Big Freakin' Sails - Page 181 - SailNet Community
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post #1801 of 3091 Old 04-06-2010 Thread Starter
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Well it was very short and very sweet, but it was BFS. And though I sucked as a sailor, I had fun and learned a couple of things.

My wife and I went out yesterday for an evening sail...hoping to hop on the GR course for a run. It was the first time she and I had sailed together without the kids. The winds were SSW at about 15 knots. It was perfect.

We motored out of the marina and hoisted the sails (main and 150), lifted the motor, and were cruising along very nicely at 6 knots. It was perfect.

We sailed toward the channel between Sometimes Islands and MDP Point and were just lining up for the start at Mark B - and BAM! A very long, sustained 30+ knot gust hit us right on the butt and pushed us over. Smackmutha was at the helm and emitted a "wooooooooooohoooooo" and a giggle (always a good sign) as we laid over at about 45 degrees and rounded up (does that qualify as a broach?). I released the jib sheet preparing to tack us away from the rocks which were now about 150 feet to leeward. Another even higher gust hit right then and we couldn't get through the wind to complete the tack. It was no longer perfect.

I went back to starboard to sheet in the genny as we came back around to at least let us edge away from the rocks (we had about 100 feet left). However, the sheet was completely in the water. My boat partner had taken the boat out over the weekend and, apparently, had taken the stop knots out of the sheets. Not sure why - but there you go. Luckily the port-side sheet was holding so I scrambled forward to pull in the clew in grab the trailing sheet. My wife did a hell of a job keeping us in irons as much as possible. 30 knots and a flailing 150 is a hell of a lot of power. I finally wrestled the bastard in and grabbed the sheet and scrambled back to the cockpit.

I wrapped the sheet around the winch and tried to get us some purchase so we could make away from the rocks. But, since the sheet was no longer in the block and because the clew was so high and far back on the 150, I couldn't really winch it in. The sheet would wrap the second I'd try to take it in. (Advice?) So I tried manhandling the sheet in to give us some punch. As if. So we've got a wildly luffing genny and WAY too much main - and we're not making any headway. In fact, we're making great leeway.

About 50 feet left. Motor time.

I let go the sheet, lifted the lazarette hatch, lowered the motor, and prayed. I had one shot at this. And anyone that knows small outboards knows that it's always a pure Hail Mary. Running through the checklist - kill switch/cord in place, one pump for a prime (not two you'll flood it), half throttle, full choke, in neutral, and...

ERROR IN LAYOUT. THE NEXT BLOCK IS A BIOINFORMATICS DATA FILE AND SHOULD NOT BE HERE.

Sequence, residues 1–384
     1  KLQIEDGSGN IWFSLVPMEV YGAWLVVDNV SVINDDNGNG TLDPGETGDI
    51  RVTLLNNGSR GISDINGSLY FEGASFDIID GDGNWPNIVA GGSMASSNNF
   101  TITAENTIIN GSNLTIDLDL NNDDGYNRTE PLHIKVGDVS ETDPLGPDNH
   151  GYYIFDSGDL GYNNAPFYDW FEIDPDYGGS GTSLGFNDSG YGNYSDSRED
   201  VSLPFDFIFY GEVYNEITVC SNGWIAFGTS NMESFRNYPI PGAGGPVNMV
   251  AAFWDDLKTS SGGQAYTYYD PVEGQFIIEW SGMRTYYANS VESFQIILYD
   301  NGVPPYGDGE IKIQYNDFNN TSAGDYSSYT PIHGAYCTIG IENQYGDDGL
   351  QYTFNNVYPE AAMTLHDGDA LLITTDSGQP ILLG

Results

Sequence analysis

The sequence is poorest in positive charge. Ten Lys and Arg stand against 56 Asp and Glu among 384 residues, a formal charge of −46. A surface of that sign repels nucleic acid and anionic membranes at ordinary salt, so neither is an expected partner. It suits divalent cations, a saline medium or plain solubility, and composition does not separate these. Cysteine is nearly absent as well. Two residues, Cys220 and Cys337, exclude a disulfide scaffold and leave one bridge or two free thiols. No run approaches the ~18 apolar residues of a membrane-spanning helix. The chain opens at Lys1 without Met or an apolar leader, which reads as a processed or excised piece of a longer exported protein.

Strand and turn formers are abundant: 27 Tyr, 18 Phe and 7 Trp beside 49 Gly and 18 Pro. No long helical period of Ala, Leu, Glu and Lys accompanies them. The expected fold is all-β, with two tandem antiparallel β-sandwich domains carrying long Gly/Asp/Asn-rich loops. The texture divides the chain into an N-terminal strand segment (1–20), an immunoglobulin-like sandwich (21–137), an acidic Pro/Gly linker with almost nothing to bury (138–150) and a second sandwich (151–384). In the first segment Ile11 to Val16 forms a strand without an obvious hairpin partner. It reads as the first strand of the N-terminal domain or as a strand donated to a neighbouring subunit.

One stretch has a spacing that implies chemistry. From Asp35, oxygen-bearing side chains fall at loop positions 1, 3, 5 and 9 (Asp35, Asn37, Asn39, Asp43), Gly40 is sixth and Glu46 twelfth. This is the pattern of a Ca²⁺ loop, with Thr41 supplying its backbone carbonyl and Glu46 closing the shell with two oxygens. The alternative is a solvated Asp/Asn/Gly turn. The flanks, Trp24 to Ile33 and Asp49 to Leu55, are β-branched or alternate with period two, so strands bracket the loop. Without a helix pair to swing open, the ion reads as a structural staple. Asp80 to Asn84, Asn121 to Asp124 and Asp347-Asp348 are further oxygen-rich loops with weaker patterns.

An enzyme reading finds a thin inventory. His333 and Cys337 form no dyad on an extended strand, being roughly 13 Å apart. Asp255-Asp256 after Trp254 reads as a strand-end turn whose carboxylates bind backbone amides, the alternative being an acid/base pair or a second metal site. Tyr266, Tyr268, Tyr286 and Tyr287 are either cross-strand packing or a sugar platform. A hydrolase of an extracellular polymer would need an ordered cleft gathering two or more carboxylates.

It was just then that I noticed the sheet in the water, just about a foot from the prop. I read all those MOB stories on SN where the majority of problems occurred when the prop would foul on a line. But thinking through that and checking for lines in the water in the heat of the moment? Not as easy as it sounds - even though I promised myself that would be part of my checklist. I pulled the line out of the water and glanced up.

30 feet.

I pull....nothing....crap...pull again....

What a wonderful sound. I shoved us into gear and started slowly pushing into the wind - which had not let up yet - and away from the rocks. My wife noticed that the temperature had dropped a few degrees - which explained the wind. I hadn't noticed anything.

I ran forward and doused the genny. Luckily the flogging didn't rip anything. I then doused the main and got back in the cockpit, breathing hard through a cotton-dry mouth. Holy crap that was close.

I told my wife that with only the genny on board, the wind so high, and sun starting to set we should probably head back in. She mocked me - told me to harden up, put a reef in the main, and sail some more. I seriously love that woman.

She was right! Here was my chance to get some more practice in and I was spooked. What a pansy.

So up went the reefed main. The wind had died a bit to around 22 or so. So we threw up the genny as well. Man that reefing thing works! We had a blast.

Another great day on the water.

Lessons learned:
1. I really need to get a 110 - and maybe even a smaller big wind sail. And I need to add a second reef point in the main, I really want to be able to deal with 30-40 knots of wind pretty comfortably. I just can't do it right now with my configuration. Advice?

2. I need to do a much more thorough check of the boat at the dock before pushing off. The sheet thing was my fault for not catching the problem beforehand - and it really sucked.

3. I love BFS. But I love my hard-assed wife even more.


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S/V Dawn Treader - 1989 Hunter Legend 40